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* [[TheFlash [[Franchise/TheFlash Flash]] villain Rainbow Raider (real name [[StevenUlyssesPerhero Roy G. Bivolo]]), a failed artist who became obsessed with ''colors'' as a result of his colorblindness.
* {{Superman}}'s Franchise/{{Superman}}'s enemy Bizarro feels compelled to do the opposite of everything normal people do. This leads to some truly strange behavior, such as building a basement on top of his house.



* ''WesternAnimation/KimPossible'' Kim has fought her share of {{Idiosyncrazy}} villains: Duff Killigan, the homicidal golfer; Frugal Lucre, the world's cheapest criminal; and so on.

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* ''WesternAnimation/KimPossible'' ''WesternAnimation/KimPossible'': Kim has fought her share of {{Idiosyncrazy}} villains: Duff Killigan, the homicidal golfer; Frugal Lucre, the world's cheapest criminal; and so on.
18th Apr '17 8:59:20 AM sgamer82
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* In the ''Podcast/RedPandaAdventures'', the Red Panda and Flying Squirrel note eponymous themes are a common trait for "sick in the head, wannabe supervillains". It's first seen in the episode "Rabbit Season", where the Red Panda is able to set a trap for that episode's villain, Jack Rabbit, after recognizing that the reason for her unusually selective thefts was because she only stole things whose value was measured in karats.

to:

* In the ''Podcast/RedPandaAdventures'', the ''Podcast/RedPandaAdventures''
** The
Red Panda and Flying Squirrel note eponymous themes are a common trait for "sick in the head, wannabe supervillains". It's first seen in the episode "Rabbit Season", where the Red Panda is able to set a trap for that episode's villain, Jack Rabbit, after recognizing that the reason for her unusually selective thefts was because she only stole things whose value was measured in karats.karats.
** The Mad Monkey invokes this as much as he falls prey to it. He's motivated to be a villain because he views himself as the ideal arch-nemesis to the Red Panda. To this end, he embraces the theme presented by his power to control baboons by committing monkey related crimes.
18th Apr '17 7:59:31 AM sgamer82
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* In the ''Podcast/RedPandaAdventures'' episode "Rabbit Season", the Red Panda notes this is a common trait for up and coming supervillains. It's how he's able to set a trap for that episode's villain, Jack Rabbit. He recognized that the reason for her unusually selective thefts was because she only stole things whose value was measured in karats.

to:

* In the ''Podcast/RedPandaAdventures'' ''Podcast/RedPandaAdventures'', the Red Panda and Flying Squirrel note eponymous themes are a common trait for "sick in the head, wannabe supervillains". It's first seen in the episode "Rabbit Season", where the Red Panda notes this is a common trait for up and coming supervillains. It's how he's able to set a trap for that episode's villain, Jack Rabbit. He recognized Rabbit, after recognizing that the reason for her unusually selective thefts was because she only stole things whose value was measured in karats.
15th Apr '17 5:38:20 PM sgamer82
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* In the ''Podcast/RedPandaAdventures'' episode "Rabbit Season", the Red Panda notes this is a common trait for up and coming supervillains. It's how he's able to set a trap for that episode's villain, Jack Rabbit. He recognized that the reason for her unusually selective thefts was because she only stole things whose value was measured in karats.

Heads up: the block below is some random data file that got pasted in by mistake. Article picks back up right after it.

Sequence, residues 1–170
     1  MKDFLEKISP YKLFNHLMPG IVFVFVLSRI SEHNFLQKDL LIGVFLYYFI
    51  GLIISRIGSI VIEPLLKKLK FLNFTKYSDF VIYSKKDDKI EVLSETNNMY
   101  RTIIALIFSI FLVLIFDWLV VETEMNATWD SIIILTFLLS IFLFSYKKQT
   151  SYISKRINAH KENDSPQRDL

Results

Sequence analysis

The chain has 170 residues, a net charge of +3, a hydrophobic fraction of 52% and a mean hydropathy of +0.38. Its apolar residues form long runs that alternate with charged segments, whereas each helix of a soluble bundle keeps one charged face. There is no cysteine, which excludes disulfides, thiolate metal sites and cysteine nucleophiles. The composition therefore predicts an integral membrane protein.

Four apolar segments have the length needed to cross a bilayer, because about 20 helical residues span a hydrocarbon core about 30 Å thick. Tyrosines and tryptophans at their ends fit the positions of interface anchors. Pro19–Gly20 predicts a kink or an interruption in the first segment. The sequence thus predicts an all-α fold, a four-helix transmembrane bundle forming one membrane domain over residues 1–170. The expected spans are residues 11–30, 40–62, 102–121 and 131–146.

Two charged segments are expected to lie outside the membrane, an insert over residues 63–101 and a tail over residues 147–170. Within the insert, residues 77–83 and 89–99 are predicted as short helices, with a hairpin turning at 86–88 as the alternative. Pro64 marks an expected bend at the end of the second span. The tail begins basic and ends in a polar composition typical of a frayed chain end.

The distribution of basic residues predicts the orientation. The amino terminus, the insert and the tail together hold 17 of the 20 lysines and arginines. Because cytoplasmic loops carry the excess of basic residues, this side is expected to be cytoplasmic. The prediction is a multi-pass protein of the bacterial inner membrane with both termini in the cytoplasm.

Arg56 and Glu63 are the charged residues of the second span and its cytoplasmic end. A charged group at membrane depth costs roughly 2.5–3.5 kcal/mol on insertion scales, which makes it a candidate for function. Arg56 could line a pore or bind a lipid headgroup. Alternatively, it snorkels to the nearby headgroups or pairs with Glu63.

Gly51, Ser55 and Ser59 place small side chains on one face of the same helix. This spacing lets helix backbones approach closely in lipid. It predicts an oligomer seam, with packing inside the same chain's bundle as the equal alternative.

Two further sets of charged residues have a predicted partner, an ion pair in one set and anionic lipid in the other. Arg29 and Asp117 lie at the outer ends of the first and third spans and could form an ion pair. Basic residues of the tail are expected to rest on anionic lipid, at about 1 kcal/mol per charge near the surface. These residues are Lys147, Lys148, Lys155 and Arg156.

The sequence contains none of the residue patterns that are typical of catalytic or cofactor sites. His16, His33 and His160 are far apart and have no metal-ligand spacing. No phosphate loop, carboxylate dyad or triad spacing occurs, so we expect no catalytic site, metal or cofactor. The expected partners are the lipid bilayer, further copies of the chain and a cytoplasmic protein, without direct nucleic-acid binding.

* WesternAnimation/KimPossible has fought her share of {{Idiosyncrazy}} villains: Duff Killigan, the homicidal golfer; Frugal Lucre, the world's cheapest criminal; and so on.

to:

* WesternAnimation/KimPossible ''WesternAnimation/KimPossible'' Kim has fought her share of {{Idiosyncrazy}} villains: Duff Killigan, the homicidal golfer; Frugal Lucre, the world's cheapest criminal; and so on.
31st Mar '17 9:07:08 PM Gravidef
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* The Riddler and riddles. Sometimes treated as an actual psychological disorder. At one point, he ''tries'' to stop leaving riddles, without success. Usually, though, he makes his disorder work for him, as the ''obvious'' answer to his clue masks the ''real'' answer, which is much more difficult to figure out.

to:

* The Riddler (Edward Nigma) and riddles. Sometimes treated It originated as a harmless theme, but became DarkerAndEdgier as the years went by: Riddler suffers from SuperOCD and narcissistic personality disorder, and ''has'' to leave puzzles to prove how smart he is (he's even been given a FreudianExcuse in the form of a father who, not understanding his son's intelligence, beat him, giving Nigma an actual psychological disorder. At obsession with expressing his smarts in convoluted ways). In one point, he ''tries'' to stop instance, Riddler thinks he's found a way around his compulsion by leaving riddles, without success. Usually, though, notes instead of riddles...but Batman discovers puzzles embedded within the notes that Nigma ''didn't intentionally leave''--in other words, he's so mentally ill that he makes doesn't even realize when he's acting on his disorder compulsions. However, he's also GenreSavvy enough to make this work for him, as him: sometimes, the ''obvious'' answer to his clue masks the ''real'' answer, which is much more difficult to figure out.


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** In other instances, Calendar Man is relatively sane and calm for most of the year...except on holidays, when he always commits some horrific themed crime (such as cutting a woman's brake line on April Fool's Day as a "prank" or attempting to blow up a maternity ward on ''Labor'' Day).
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http://tvtropes.org/pmwiki/article_history.php?article=Main.Idiosyncrazy